New grads in the ER - page 2

Do you feel new grads are able to function in the ER? If not what length/type of experience do you think they need? Also what type of prep courses would be good?... Read More

  1. by   HARN
    I think a new grad should go to an area that interests them. If that be med-surg, ER, or a unit...whatever gets them motivated. All of us need to start somewhere, where that my be is up to that person...More power to you whom have started in high stress, busy areas....We need nurses EVERYWHERE....
  2. by   happystudent
    Originally posted by jetsetter
    I was a new grad last may and went straight to ER, it was horribly hard, and I loved every minute!!!!!!!!!!

    dont let anyone talk you out of doing what you want to do. If its not right for you , it will take you one shift to know.

    follow your heart, not your checkbook or someone else's opinion, and you'll do just fine.
    I totally agree with you, sista!!

    I just started today as a critical care tech in one of the busiest trauma centers in the state... I Frikken love it!!!!

    I knew that I wanted to work in the ed right out of rn school (grad may 04) so I applied as a tech to make sure this is what I wanted to do......

    Let me tell you, I say my first deceased 3month old but I cant wait to go back tomorrow..

    There is so much to learn, even as a tech... but I am so hungry to get as much experience as possible that I cant get enough!!

    There is no way that I could go to med surg, Ive been there done that... Med surg is okay, but there is just something about the alarms that go off when the emts are on their way with a code.....

    Hey I say if you can do it go for it and dont look back!! Thats what Im doin'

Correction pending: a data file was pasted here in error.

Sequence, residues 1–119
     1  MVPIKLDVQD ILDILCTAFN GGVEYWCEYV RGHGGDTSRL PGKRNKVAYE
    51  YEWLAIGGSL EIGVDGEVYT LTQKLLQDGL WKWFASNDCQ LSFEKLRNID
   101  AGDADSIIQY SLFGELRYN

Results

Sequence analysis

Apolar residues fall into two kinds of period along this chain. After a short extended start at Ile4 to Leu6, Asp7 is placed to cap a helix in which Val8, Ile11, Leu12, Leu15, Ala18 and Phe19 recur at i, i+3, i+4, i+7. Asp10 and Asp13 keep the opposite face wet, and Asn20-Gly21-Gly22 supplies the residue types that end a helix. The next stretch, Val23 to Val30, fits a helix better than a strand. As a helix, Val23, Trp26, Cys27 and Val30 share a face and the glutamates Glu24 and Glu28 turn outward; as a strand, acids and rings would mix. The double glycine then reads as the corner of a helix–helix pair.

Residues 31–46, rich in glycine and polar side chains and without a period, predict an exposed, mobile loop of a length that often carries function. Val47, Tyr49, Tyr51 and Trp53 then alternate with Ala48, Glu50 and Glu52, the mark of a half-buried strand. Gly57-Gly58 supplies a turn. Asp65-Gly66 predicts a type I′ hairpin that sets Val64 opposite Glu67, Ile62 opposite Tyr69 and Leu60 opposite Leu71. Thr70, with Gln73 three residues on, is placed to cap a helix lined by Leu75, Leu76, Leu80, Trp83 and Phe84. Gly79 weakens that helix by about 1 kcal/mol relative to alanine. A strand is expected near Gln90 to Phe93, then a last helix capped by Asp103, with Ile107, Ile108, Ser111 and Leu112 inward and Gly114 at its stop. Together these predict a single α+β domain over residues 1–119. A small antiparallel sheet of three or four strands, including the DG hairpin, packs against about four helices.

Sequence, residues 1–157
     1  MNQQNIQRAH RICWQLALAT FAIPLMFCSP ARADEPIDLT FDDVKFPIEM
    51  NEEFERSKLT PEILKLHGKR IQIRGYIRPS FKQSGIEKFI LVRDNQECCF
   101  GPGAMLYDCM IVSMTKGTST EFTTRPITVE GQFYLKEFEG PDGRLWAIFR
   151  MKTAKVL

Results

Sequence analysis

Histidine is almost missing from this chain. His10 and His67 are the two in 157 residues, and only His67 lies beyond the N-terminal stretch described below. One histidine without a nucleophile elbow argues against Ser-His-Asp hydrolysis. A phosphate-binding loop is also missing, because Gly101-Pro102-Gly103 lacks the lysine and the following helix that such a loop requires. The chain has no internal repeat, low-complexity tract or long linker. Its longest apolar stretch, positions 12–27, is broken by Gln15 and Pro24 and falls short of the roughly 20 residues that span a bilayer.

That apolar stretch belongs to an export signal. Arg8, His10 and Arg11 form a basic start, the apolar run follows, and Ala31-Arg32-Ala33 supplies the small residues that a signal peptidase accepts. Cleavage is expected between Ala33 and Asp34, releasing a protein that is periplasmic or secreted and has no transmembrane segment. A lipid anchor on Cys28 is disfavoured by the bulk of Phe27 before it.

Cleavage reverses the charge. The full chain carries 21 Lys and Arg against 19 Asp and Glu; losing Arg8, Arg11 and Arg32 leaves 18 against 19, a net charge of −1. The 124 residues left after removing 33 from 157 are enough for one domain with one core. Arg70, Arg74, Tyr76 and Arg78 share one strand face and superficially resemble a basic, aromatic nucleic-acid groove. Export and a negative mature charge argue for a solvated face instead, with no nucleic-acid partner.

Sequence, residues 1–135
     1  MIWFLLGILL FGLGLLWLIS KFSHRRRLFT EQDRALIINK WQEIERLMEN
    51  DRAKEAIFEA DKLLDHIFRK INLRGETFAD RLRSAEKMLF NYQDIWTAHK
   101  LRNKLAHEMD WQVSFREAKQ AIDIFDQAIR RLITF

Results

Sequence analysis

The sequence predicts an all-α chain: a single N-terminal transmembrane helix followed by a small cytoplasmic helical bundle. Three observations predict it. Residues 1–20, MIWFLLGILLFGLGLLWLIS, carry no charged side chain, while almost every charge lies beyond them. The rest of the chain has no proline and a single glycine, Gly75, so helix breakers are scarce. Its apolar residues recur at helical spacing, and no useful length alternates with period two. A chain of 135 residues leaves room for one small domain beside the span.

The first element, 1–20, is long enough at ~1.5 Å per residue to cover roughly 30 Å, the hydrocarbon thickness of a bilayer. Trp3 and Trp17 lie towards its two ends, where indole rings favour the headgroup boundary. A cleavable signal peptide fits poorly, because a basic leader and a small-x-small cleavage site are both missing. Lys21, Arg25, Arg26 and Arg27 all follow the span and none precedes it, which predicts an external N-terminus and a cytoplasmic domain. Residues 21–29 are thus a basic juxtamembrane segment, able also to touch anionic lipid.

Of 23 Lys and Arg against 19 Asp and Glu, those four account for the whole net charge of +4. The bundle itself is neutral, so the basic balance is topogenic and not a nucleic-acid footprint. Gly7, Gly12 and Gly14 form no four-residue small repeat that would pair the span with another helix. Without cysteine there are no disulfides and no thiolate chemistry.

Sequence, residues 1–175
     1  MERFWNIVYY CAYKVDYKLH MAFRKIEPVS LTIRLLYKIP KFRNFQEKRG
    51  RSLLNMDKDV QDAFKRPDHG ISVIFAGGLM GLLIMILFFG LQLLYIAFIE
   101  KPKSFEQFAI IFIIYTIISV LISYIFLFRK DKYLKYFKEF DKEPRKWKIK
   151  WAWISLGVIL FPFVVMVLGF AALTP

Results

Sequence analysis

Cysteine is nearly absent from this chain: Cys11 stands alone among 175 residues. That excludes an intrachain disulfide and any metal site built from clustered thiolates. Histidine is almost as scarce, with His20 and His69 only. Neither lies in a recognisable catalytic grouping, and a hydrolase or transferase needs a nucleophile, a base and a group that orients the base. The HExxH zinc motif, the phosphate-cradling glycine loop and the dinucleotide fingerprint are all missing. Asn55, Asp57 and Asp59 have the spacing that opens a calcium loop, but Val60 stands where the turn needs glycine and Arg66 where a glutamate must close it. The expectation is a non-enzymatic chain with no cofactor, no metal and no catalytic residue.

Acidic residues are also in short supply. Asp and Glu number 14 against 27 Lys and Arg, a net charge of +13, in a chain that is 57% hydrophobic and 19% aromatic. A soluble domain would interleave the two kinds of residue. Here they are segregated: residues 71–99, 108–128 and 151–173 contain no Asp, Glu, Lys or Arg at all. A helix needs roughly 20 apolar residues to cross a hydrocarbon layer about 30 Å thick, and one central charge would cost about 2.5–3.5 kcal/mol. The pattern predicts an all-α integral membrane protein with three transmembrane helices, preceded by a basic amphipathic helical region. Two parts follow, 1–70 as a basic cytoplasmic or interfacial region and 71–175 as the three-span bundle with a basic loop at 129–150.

3. by   atownsendrn
    I started as a new grad in the ER. I had been in the same ER as a tech for 3 years (worked fulltime while in school). Wouldn't have wanted to do it any other way.
  4. by   Scis
    I started nursing school as a second career and figured most people my age had 10 years under their belts by the time I graduated. The only place I aspired to work all through nursing school was the large Level I trauma center of NJ's major teaching hospital. All the best (ie worst) trauma cases were always brought there and the accidents were always reported in the local newspaper. The helicopter would fly patients in from all over the state, how exciting! Well, at every turn, my nursing instructors, seasoned nurses I knew, everyone, told me that I would NEVER get accepted to this institution without experience at a "smaller" ER. No way I would accept this notion, I applied the February before I graduated from nursing school, I was accepted and started barely a month out of school. All new nurses to this ER regardless of background were enrolled in the department orientation. The learning consisted of 3 months of classroom/lab work, along with testing on the material along the way. You were informed that within 1 year of employment, you had to satisfy the necessary ACLS and PALS requirements and keep your certifications current. By choice I had my CEN and TNCCP status within 2 years of employment. I have never regretted the extra effort I had to put in post graduation to get and retain my position in this ER. Bottom line, if ER is in you, you'll do whatever is required to practice there. The ER is also located in a very poor, urban area, so a myriad of patients and clinical presentations roll through the doors daily (or nightly in my case). You really get to use all the skills you acquire. That's what ER is, and that's why those of us who do it love it!
    I say if it's right for you, jump right into it. I don't condone the theory of working on med/surg etc. first--the floors are nothing like the ER. It's like telling a college-level prepared teacher to teach kindergarten first before pursuing a career as a college professor, no comparison.
    I have been doing this for 10 years and have never regretted the effort. By keeping myself educated and informed, I can best serve my patients, the core of nursing care.
    Sounds sappy, I know, but it's true! Patty
  5. by   4XNURSE
    Originally posted by HARN
    I think a new grad should go to an area that interests them. If that be med-surg, ER, or a unit...whatever gets them motivated. All of us need to start somewhere, where that my be is up to that person...More power to you whom have started in high stress, busy areas....We need nurses EVERYWHERE....
    I couldn't agree more.

    Telling someone what they can't do, or where they can't go, won't help anything. A lot of nurses burn out putting in their time in areas they never wanted to be, in the first place.

    Be prepared to work hard, study hard, and put up with a lot of sh**.

    Just my $ 0.02.

  6. by   ernurse1234